Guiding runners through Ramadan as a Run Leader

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For millions of Muslims over the world, Ramadan is an opportunity for self-reflection, celebration and strengthening their faith. Mostly known for the 30-day fast, Ramadan is also a time for community, celebration and giving to others in need.

We recently caught up with running coach, Sahar Ijaz from Together We Are Runners to discuss what Ramadan means to her and how she supports her runners.

What does Ramadan mean to you?

"Ramadan is a special and spiritual time it is much more than just not eating and drinking, it is a time to reflect. It is only 30 days out of 365 so it gives you the time to pause and look back on what you’ve done so far and what you want to do moving forwards."

"Ramadan also helps me to reduce the bad habits I have picked up and focus on building good ones. It is a detox of not only food, but also of other negative things like spending too much time on your phone and focus on being a generally kind person during that time."

"It is a huge community aspect for me. We have a lot of neighbours who also celebrate Ramadan, so it is all about giving food to your community. It is a really exciting time when the fast breaks and the doorbell doesn’t stop ringing as you get lots of packages and plates of food from your community."

"Ramadan is also about self-control, discipline and understanding your privilege. There are barriers which I have faced as a woman of colour, but I am very privileged as at the end of the day I can open my fridge, cook a full meal in a warm house. There are people in the world who do not have that, so it really makes you appreciate what you have."

What age did you begin to observe Ramadan?

"Within my community, you get interested in Ramadan quite young as the people around you are fasting. You don’t really fast until puberty however before that children can keep a half-fast where they might skip breakfast or have a couple of bowls of cereal and toast and then not eat again until the evening. This isn’t a full fast, but it does allow them to feel involved."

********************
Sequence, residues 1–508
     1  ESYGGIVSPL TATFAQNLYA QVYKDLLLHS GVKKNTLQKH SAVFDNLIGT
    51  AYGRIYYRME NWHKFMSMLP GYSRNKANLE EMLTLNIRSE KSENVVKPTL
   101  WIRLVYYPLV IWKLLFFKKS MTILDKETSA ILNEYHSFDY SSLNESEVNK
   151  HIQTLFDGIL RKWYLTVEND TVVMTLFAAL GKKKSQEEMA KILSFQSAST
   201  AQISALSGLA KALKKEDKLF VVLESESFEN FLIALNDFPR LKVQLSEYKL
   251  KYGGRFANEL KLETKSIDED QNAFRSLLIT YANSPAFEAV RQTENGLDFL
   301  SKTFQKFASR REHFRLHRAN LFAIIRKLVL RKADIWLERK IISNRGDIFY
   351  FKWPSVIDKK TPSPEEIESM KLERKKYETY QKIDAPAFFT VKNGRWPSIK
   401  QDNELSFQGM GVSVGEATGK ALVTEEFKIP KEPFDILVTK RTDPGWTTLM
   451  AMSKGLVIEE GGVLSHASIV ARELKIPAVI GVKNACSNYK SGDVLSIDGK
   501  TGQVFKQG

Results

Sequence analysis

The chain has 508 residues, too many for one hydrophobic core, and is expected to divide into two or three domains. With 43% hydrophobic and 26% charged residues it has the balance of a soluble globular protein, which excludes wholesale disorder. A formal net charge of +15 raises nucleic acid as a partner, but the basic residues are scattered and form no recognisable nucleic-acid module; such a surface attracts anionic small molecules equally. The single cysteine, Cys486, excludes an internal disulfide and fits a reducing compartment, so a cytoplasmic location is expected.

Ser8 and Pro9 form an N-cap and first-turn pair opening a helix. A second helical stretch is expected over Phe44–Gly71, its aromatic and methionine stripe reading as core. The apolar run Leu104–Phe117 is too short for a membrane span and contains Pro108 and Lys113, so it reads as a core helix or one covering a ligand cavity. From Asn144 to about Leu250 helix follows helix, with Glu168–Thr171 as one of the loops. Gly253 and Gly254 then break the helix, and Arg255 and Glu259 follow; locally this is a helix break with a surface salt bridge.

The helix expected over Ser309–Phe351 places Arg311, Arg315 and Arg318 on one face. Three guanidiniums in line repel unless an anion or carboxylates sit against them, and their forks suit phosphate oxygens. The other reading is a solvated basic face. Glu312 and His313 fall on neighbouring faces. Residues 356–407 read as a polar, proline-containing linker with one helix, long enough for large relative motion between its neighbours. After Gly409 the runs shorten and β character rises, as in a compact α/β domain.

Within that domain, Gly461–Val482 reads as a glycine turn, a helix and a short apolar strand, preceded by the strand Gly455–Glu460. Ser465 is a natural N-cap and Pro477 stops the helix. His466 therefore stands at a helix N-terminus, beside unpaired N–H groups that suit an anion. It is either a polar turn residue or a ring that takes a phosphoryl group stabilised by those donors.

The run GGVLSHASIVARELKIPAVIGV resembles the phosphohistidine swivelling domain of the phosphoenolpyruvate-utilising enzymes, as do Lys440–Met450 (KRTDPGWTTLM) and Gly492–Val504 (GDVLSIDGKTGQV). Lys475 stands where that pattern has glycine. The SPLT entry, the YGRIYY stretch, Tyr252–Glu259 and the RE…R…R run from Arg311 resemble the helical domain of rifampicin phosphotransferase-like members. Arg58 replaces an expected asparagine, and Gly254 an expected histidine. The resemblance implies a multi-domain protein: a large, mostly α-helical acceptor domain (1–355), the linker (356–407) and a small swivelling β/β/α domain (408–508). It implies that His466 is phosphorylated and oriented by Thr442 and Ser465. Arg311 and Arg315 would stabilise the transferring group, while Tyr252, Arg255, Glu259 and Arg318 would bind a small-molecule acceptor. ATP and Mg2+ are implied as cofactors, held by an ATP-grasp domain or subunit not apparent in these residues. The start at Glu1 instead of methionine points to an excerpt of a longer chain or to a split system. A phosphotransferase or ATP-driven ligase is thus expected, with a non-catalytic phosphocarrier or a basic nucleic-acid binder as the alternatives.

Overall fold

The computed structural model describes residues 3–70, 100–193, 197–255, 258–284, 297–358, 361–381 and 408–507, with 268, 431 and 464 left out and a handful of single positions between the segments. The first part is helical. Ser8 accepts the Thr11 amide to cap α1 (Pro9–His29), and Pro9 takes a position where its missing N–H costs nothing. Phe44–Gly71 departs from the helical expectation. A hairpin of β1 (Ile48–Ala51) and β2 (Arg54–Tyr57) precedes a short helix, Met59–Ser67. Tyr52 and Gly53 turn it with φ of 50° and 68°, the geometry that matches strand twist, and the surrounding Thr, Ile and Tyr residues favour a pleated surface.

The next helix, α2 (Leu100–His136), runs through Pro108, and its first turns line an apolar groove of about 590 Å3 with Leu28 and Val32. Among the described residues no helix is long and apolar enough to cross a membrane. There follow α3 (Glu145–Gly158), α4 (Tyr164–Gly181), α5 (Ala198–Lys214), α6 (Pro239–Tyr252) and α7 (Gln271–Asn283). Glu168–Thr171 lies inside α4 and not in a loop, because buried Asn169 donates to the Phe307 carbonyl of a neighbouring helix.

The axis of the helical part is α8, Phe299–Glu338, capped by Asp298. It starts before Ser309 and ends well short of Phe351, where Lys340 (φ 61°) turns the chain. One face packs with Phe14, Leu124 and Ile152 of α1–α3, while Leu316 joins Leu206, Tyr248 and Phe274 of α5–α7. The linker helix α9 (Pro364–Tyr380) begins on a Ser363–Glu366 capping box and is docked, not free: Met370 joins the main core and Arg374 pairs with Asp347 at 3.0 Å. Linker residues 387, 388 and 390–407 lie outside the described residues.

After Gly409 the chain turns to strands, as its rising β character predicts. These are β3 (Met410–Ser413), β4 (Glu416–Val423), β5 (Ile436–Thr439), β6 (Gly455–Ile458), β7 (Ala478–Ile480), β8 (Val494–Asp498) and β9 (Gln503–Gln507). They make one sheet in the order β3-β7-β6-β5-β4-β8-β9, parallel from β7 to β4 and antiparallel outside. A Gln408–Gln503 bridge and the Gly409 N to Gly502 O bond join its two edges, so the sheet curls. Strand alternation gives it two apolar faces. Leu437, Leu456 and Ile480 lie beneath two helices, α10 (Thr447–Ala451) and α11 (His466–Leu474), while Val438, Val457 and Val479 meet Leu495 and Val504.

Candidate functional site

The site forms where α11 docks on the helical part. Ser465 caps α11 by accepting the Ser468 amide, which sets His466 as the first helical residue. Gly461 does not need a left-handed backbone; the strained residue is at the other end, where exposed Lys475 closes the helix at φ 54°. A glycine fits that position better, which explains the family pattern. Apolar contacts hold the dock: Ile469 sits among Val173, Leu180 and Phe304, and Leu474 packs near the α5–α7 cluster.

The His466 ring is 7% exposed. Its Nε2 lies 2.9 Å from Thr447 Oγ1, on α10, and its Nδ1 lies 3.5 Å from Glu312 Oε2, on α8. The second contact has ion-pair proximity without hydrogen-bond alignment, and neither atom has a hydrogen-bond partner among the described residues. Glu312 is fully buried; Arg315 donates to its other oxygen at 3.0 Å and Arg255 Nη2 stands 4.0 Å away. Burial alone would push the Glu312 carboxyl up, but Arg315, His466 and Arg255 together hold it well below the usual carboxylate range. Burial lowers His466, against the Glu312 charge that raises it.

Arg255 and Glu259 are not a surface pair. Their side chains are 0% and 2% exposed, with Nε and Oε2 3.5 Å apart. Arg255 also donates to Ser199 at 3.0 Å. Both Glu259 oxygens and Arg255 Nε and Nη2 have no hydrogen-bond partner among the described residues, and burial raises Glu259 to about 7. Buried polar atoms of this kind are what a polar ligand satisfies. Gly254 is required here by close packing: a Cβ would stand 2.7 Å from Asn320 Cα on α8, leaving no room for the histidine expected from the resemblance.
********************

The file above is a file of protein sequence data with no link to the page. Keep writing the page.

"I would say when I was 12-13 years old I tried to keep fasting properly. Ramadan is not something that a child has to do, or should do, it is instead something that they want to be involved in."

What does Ramadan involve?

"The basics of Ramadan are you fast from sunrise to sunset. You should also avoid bad habits such as swearing, or any other useless activities which do not add value to your life."

"There is also a really special part of Ramadan called ‘zakat’. This is where a Muslim who earns a certain wage, will donate 2.5% of their wealth after their daily spend to a charity or someone else in need. Even if you have gold or jewellery, you can donate 2.5% of this to other families. You can also support those in other countries, for example this year I sent my contribution to Pakistan where my family originate from. Zakat gives me the feeling that I am doing good and giving back during Ramadan."

How have you adapted your running and coaching of others during Ramadan?

"I only tend to run with my group and go on high intensity walks alone. During Ramadan I often reduce the intensity and ensure that I am active at times where I have high energy and be careful of dehydration."